Security expert Bruce Schneier finds some cases of appropriate and helpful security theater:
Security is both a reality and a feeling. The reality of security is mathematical, based on the probability of different risks and the effectiveness of different countermeasures. We know the infant abduction rates and how well the bracelets reduce those rates. We also know the cost of the bracelets, and can thus calculate whether they're a cost-effective security measure or not. But security is also a feeling, based on individual psychological reactions to both the risks and the countermeasures. And the two things are different: You can be secure even though you don't feel secure, and you can feel secure even though you're not really secure.
The Aircraft Owners and Pilots Association reports that an enormous block of airspace around Washington is off-limits to general aviation tonight because of the State of the Union Address:
During the president's speech to Congress and the nation, no flights are allowed to or from any of the 21 airports within the Washington, D.C., ADIZ, including pattern work. The special ingress/egress procedures for the "DC-3" airports inside the Flight Restricted Zone are also suspended. Only IFR flights to and from Washington Dulles International (IAD) and Baltimore/Washington International Thurgood Marshall (BWI) airports will be allowed.
This is what security expert Bruce Schneier calls "security theater."
From my mom:
Yeshiva University decided to field a rowing team. Unfortunately, they lose race after race. Even though they practice and practice for hours every day, they never manage to come in any better than dead last.
Finally, the team decides to send Morris Fishbein, its captain, to spy on Harvard, the perennial championship team. So Morris schlepps off to Cambridge and hides in the bushes next to the Charles River, where he carefully watches the Harvard team at its daily practices.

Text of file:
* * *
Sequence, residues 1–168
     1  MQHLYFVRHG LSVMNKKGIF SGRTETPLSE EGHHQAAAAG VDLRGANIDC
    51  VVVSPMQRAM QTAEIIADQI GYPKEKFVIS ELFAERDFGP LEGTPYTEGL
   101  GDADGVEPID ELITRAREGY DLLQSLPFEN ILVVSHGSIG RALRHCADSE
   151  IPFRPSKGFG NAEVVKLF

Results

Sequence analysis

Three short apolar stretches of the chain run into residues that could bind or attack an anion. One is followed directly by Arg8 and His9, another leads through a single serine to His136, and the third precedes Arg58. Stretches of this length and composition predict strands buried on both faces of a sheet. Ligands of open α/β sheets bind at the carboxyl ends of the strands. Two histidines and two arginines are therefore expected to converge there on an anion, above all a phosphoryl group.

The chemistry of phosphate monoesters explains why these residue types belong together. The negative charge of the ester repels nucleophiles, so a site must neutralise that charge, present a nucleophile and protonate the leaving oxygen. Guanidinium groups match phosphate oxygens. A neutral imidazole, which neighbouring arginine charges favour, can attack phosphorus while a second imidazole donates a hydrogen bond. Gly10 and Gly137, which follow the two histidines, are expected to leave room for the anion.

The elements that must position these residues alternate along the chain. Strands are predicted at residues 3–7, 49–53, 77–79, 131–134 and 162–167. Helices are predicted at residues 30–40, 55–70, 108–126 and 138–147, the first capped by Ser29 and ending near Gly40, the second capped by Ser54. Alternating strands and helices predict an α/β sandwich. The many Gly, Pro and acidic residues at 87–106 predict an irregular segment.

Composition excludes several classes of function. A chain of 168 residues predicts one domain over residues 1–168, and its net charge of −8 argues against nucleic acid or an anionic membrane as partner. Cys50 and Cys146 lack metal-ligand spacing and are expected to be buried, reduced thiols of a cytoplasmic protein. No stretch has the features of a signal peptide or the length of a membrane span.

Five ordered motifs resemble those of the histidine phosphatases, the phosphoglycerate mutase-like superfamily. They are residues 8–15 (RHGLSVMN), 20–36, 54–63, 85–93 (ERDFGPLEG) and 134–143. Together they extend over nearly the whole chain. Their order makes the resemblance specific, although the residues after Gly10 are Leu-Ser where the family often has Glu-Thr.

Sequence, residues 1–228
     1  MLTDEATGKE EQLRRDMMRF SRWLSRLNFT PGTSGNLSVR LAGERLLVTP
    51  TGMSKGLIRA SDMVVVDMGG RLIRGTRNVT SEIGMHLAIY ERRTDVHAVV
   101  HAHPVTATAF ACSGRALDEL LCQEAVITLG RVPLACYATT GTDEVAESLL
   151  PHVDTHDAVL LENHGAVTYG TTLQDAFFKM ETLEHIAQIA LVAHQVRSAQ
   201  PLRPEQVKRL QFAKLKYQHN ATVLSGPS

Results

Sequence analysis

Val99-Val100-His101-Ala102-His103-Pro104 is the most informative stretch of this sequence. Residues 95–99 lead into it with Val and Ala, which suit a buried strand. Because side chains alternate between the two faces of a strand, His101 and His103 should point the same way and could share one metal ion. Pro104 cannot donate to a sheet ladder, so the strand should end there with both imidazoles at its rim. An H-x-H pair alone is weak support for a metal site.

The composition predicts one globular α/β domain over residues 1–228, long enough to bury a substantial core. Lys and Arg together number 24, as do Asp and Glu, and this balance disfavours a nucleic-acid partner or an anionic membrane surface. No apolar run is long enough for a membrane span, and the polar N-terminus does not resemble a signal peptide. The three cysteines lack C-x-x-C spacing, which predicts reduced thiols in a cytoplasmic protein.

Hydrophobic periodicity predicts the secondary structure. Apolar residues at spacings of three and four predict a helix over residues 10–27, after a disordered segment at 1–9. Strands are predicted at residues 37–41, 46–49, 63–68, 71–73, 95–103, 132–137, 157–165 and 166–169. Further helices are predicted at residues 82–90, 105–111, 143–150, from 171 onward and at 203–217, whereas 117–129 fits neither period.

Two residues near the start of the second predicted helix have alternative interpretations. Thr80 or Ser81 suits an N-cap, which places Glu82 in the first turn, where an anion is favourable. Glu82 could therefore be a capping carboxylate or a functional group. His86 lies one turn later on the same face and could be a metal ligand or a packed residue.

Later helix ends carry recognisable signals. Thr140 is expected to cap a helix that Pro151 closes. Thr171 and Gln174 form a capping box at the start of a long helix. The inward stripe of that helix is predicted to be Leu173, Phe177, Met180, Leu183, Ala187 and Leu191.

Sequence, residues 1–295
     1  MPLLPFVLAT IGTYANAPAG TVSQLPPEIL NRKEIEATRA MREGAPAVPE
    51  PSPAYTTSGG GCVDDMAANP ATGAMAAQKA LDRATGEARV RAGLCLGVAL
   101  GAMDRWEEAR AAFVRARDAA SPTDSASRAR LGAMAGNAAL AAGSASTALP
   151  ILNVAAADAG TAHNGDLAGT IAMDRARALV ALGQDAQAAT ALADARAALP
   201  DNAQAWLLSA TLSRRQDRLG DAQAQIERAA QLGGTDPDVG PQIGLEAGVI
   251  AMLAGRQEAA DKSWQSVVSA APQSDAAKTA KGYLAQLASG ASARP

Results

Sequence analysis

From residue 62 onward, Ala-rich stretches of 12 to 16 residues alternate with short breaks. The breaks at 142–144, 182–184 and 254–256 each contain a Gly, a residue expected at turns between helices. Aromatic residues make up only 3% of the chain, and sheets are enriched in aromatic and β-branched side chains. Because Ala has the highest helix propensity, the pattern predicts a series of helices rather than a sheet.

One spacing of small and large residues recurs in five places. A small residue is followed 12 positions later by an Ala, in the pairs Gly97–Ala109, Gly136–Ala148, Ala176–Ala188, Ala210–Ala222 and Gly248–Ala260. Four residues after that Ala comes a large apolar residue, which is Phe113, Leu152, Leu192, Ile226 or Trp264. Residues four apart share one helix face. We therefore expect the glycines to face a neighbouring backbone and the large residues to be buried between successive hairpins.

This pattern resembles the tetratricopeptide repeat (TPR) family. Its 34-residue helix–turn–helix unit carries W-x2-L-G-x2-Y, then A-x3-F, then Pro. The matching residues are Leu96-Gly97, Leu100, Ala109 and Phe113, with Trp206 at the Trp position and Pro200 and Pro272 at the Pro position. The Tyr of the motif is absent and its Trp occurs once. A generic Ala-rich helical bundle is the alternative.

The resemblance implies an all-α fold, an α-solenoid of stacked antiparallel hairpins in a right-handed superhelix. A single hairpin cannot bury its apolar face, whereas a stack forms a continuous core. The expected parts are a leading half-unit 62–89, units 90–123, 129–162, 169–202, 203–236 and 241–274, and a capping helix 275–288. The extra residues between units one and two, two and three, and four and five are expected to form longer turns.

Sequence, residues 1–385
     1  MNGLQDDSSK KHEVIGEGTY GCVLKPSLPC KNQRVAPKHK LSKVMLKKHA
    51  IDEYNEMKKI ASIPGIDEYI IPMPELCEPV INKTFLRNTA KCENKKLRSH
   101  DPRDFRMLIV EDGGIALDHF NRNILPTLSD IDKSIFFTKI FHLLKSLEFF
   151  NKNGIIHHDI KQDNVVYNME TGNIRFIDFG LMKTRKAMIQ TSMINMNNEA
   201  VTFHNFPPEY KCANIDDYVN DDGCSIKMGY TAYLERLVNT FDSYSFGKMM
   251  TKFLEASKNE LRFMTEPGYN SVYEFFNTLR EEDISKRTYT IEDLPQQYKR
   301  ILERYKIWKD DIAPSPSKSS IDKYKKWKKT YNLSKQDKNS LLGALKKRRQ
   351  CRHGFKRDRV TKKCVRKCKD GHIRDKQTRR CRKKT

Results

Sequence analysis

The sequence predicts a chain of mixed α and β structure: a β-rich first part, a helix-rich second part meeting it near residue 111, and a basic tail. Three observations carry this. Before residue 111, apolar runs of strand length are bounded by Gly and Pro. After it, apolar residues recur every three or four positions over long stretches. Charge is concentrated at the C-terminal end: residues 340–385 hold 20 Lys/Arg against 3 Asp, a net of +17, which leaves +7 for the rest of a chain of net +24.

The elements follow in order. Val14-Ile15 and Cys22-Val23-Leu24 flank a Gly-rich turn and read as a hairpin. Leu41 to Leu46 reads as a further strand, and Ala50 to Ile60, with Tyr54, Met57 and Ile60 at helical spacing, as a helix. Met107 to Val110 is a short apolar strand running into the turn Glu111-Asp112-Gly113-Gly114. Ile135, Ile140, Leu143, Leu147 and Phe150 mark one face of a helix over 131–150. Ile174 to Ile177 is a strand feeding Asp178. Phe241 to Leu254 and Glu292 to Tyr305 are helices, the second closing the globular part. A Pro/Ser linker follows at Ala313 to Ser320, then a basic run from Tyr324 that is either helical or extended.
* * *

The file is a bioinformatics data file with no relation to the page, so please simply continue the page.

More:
After a week, Morris returns to Yeshiva. "Well, I figured out their secret", he announces.
"What? Tell us! Tell us!", his teammates shout.
"We should have only one guy yelling. The other eight should row."
The Bears going to the Superbowl has caused a ripple effect through Chicago karma.
I first noticed it on the train this morning. Ordinarily, an express train picks up almost a full load of people at the stop right before mine, then whisks them to the Loop, allowing the local train that follows three minutes later to pick all of us up without making us sit on each others' laps. Today, the express train apparently followed the local train, so by the time the local got to me, we were sitting on each others' laps. (It's not as fun as it sounds, actually.)
Then, it turns out I am in total agreement with a well-written statement by—wait for it—Pam Anderson:
Anderson, a staunch animal-rights activist and a vocal member of PETA, has blasted KFC for its treatment of chickens and has been part of a long-standing campaign on behalf of the feathered critters. “Honoring a man whose legacy involves breaking animals’ bones and scalding animals to death in defeathering tanks is contrary to the values of most compassionate citizens, and I hope that you’ll deny KFC’s request,” Anderson wrote in a letter to Postmaster General John E. Potter. “How about another Elvis stamp instead?”
I hope the Postmaster General agrees as well.
I'll be looking for other karmic re-balancing today, which means I'll probably find it. And I'm wondering what will happen if the Bears win on February 4th?
When I took this photo, Parker weighed just over 10 kg (22 lbs):
He's grown since then, about another 10 kg worth, until last week. Apparently he's leveled off at 21 kg (46 lbs), which makes him a perfectly normal German Rat Beagle:
I thought he would get to 22.5 kg (50 lbs), but maybe not. Regardless, he's just the right size.